THE attentive reader of history cannot fail to remark how often, in the confusion of the middle ages, the very movements or principles which seem in themselves most barbarous, or are most strongly tinctured with the darkest shades of superstition, have been those which, in the sequel, gave the strongest impulse to the advancing spirit of civilization which has at length changed that dark past into this bright present It is in the contemplation of this oft-recurring fact, that we trace, more distinctly, perhaps, than in any other, the inscrutable but unerring ways of that higher Providence to whose rule all things are subjected. Few of those duties enjoined by the ancient Romish Church were accompanied with, and seemed to lead to, more abuses and scandals than the pilgrimages to the Holy Land, so natural an attraction to every Christian; few were attended with so much bigotry, and blindness, and uncharitableness, or ended in observances and convictions so grossly superstitious and so degrading to the intelligence of mankind. Yet it was this throwing of people upon the wide and distant scene, on which they were forced into continual intercourse, hostile or friendly, according to the circumstances of the moment, with people of different manners, creed, sentiment, and knowledge, that gradually softened down all prejudices, and paved the way for the entire destruction of that system to which it seemed intended to give support. If the seeds of civilization ever existed in the cloister, they were seeds cast upon the barren rock, and it was not until they were transplanted to another and richer soil, that they began to sprout and give promise of fruit.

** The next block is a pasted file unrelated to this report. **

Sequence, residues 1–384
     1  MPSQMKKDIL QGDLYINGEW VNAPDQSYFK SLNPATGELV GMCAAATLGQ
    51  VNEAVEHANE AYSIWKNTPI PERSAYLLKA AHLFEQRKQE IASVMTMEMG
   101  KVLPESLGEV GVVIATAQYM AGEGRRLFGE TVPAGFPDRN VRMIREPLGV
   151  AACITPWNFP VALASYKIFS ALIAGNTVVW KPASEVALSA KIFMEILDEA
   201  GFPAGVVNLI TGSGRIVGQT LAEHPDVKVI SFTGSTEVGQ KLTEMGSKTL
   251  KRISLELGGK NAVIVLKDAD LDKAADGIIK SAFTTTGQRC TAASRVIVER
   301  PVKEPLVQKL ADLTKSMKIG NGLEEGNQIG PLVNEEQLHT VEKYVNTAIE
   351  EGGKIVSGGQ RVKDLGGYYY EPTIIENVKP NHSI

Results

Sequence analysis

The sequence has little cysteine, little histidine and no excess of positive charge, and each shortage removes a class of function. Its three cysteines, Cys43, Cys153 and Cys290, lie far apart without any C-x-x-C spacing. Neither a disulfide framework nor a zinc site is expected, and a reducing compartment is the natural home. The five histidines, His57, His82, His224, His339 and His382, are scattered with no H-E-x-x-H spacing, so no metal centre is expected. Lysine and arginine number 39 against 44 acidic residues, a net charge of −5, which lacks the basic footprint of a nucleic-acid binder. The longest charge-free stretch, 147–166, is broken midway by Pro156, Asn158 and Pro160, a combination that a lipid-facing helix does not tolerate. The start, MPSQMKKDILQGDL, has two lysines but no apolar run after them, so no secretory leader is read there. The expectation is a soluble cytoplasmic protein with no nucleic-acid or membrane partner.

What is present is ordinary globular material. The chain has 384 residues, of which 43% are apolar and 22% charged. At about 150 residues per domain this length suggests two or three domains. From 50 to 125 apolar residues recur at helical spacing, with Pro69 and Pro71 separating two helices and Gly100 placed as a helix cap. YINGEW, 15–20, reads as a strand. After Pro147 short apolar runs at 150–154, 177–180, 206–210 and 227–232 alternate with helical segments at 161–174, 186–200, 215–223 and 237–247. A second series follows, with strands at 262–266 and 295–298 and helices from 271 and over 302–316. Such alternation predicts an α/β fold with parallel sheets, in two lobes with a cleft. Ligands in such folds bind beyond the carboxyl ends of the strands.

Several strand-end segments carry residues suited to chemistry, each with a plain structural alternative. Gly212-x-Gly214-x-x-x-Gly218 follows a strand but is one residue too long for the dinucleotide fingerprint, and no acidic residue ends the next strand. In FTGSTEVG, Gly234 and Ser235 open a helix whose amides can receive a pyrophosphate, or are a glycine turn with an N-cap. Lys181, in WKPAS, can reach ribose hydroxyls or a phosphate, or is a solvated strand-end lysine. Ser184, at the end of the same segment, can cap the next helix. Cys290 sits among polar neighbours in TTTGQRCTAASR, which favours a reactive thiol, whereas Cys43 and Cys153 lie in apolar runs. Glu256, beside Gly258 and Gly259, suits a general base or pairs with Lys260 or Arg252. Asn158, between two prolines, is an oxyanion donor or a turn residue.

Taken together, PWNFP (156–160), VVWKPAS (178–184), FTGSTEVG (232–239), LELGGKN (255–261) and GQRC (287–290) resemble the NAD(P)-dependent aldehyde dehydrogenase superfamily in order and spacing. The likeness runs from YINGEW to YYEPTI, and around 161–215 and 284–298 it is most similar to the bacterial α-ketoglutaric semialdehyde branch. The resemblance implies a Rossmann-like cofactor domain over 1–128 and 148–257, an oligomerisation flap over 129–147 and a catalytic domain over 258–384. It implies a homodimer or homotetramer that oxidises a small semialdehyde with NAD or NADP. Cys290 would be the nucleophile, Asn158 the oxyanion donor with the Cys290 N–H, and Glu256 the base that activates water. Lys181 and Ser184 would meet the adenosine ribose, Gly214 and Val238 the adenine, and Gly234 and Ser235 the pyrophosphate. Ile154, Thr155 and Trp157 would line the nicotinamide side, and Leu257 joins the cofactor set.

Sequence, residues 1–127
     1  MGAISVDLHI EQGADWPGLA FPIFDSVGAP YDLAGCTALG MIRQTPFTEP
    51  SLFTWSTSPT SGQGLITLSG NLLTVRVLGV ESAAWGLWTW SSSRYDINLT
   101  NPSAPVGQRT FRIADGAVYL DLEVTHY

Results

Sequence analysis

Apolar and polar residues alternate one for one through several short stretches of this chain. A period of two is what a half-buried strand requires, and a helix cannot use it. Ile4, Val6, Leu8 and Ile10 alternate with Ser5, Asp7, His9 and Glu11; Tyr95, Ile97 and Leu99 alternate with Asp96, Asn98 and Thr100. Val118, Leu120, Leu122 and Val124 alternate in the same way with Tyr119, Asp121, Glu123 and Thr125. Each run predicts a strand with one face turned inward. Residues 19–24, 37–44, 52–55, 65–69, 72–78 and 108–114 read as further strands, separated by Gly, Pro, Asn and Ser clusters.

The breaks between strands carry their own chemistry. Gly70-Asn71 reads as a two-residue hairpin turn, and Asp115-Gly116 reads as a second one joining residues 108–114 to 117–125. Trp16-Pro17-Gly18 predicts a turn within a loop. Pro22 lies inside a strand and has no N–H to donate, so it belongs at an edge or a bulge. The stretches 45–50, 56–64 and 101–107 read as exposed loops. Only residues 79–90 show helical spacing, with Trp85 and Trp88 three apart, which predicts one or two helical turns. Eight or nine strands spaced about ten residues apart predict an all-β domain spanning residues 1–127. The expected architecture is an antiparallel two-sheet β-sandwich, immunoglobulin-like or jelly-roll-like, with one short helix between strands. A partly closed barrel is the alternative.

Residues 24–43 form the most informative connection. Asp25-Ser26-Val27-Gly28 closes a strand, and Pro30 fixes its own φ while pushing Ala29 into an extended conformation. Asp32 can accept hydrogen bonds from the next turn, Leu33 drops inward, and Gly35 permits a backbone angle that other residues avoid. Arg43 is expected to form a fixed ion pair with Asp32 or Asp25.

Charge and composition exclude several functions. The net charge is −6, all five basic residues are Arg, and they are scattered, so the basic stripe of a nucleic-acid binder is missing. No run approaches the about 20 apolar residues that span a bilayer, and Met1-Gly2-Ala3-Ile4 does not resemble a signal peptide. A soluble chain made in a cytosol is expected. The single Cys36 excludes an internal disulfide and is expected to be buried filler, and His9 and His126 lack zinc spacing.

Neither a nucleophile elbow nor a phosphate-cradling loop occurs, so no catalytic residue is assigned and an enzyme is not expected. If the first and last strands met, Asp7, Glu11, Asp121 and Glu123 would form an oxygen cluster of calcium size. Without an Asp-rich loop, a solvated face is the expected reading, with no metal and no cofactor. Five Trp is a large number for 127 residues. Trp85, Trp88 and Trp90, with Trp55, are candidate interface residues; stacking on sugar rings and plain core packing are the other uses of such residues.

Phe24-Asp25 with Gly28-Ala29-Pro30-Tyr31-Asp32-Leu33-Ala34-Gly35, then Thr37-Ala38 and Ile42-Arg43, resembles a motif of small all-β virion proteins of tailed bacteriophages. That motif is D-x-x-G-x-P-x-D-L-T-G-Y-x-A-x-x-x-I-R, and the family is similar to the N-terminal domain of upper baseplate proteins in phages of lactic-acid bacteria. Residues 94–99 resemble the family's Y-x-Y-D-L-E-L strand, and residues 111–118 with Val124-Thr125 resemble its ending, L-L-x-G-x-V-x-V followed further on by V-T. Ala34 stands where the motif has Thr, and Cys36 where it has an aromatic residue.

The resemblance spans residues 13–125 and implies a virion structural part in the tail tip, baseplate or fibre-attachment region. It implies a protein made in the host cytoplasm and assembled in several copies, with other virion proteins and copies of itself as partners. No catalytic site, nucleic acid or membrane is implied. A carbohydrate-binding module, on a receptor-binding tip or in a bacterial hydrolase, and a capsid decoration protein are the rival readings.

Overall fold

Even in this point of view the narrative of those early pilgrimages must possess no ordinary degree of interest, and it gives us no little insight into the history of the march of intellectual improvement to accompany these early travellers in